Tendon is incredibly tough connective tissue. The rip rarely happens in the body of the tendon itself. Tears usually happen somewhere where tendon blends into muscle. It is the weak point in the structure.

Tears can happen in 'healthy' tissue if the load is too great.

Realistically, they only happen after the tendon has been stressed over and over for a long period of time. They get strained, too much load is constantly placed on them from tight muscles, small tears turn into weaker scar tissue, and eventually the strength of the structure fails under pressure.

Once the first strain and micro-tear is present, some level of Inflammation is constantly present.

And the Pain Causing Dynamic gets a running start.

Even before a sports injury happens to a tendon, even if the athlete is feeling no pain, there is almost certainly an ecology of Tendonitis in place.

The presence of the Tendonitis dynamic weakens the tendon just enough, helps add all the right factors necessary for a structural failure, and is often a precursor to a rip and tear injury. Even if the athlete had no complaints before whatever incident 'hurt' the tendon.

Any conversation about sports and injuries needs to take into account all the underlying principles of tendon injury and tendonitis, not just proper form and preventing overuse.

Sports and Injuries -- Tendonitis Injury

Sports team medical staff call Tendonitis an 'injury' because the player hurts, and can even be disabled by the pain even if there is no rip or tear.

Acute Tendonitis creates such a severe inflammation response that the can can keep a player from moving.

Depending on where the tendonitis is at, a player can get away with it for a while. But if they can't lift their arm, that's a problem.

Over and over athlete performs a necessary action, usually hard and fast. This effortful motion puts increased load and increased strain on the tendon.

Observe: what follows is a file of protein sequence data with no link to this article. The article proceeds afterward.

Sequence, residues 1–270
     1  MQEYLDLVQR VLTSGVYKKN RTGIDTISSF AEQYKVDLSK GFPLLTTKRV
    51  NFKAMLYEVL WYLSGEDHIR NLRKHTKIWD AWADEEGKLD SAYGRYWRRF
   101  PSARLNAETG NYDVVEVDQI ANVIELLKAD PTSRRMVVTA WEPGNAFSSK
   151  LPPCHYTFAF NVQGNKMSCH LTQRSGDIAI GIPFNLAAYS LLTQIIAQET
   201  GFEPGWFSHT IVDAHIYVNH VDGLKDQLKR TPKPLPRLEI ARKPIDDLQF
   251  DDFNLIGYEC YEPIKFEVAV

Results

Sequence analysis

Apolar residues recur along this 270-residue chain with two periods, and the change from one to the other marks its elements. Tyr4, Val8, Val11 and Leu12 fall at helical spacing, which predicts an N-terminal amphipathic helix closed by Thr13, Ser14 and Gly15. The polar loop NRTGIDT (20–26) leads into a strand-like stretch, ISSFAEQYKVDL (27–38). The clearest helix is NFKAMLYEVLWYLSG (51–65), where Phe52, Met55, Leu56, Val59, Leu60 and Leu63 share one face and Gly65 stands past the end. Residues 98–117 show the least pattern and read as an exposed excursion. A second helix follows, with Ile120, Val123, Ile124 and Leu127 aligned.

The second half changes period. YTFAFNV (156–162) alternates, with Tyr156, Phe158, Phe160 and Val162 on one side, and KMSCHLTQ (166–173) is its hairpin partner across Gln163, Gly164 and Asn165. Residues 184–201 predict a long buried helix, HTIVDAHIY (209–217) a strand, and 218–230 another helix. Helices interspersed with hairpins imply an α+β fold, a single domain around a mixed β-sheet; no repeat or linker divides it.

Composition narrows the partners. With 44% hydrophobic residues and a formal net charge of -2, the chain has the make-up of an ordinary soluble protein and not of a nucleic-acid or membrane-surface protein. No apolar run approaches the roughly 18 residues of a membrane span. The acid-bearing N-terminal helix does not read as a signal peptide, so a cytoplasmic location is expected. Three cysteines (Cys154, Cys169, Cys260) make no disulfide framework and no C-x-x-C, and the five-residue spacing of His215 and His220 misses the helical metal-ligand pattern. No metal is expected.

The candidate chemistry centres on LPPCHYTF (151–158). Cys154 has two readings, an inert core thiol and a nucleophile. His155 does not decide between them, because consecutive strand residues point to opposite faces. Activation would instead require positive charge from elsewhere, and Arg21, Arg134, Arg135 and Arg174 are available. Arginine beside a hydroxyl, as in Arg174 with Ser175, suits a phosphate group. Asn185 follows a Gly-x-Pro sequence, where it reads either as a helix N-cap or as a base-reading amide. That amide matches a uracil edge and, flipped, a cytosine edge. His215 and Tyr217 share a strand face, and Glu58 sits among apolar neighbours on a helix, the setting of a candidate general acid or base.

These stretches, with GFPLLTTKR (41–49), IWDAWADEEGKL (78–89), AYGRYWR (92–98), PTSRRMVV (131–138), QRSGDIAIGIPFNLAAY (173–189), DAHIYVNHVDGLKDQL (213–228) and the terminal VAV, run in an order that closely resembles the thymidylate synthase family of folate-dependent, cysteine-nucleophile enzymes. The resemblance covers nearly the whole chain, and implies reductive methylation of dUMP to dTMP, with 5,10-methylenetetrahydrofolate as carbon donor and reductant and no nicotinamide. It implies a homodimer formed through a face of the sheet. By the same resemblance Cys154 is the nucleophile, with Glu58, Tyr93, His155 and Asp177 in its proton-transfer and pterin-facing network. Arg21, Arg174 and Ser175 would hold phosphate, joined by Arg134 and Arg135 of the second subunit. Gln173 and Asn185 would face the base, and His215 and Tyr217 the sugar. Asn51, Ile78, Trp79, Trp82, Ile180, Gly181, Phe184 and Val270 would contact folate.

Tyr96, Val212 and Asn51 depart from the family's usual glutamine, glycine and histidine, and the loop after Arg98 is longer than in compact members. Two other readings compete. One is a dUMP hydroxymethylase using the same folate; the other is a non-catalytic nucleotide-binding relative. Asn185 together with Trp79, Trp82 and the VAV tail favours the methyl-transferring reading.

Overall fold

Whether the tendon is sliding through a groove creating friction and irritation, or just the sudden tug on the tendon from a muscle firing, or both, tiny microtears happen.

Usually the body can just heal these, but after a certain point, it's too much for the body to easily deal with. Then inflammation, the Pain Causing Dynamic and the physical dynamic of Tendonitis start, and then grows and grows, until it is to the level where it is felt and seen as an injury.

Sports and Injuries -- A Healing Tendon Tear Becomes Tendonitis

So let's say a player had a partially torn tendon. They take time off, let it heal and rehab, maybe even get surgery.

The tendon heals with scar tissue, which is structurally weaker than it was before. It is easy for a scar tissue fiber to rip.

And, the Process of Inflammation is still going. The Pain Causing Dynamic (PCD) is still at play.

When one of those scar tissue fibers rips off, the body recognizes it as an injury and what does it do? It turns up the inflammation, which makes the PCD speed up.

So when you read in the sports and injury news that your favorite player has 'healed' from his injury and is back on the active roster, know that Injury and Tendonitis is not an 'on' or 'off' situation.

It's ongoing.

The more a team and a player know how to effectively deal with that, the better.

Why teams and trainers continue to rely on Rest and Corticosteroid Shots for sports and injuries and tendonitis problems I'll never know.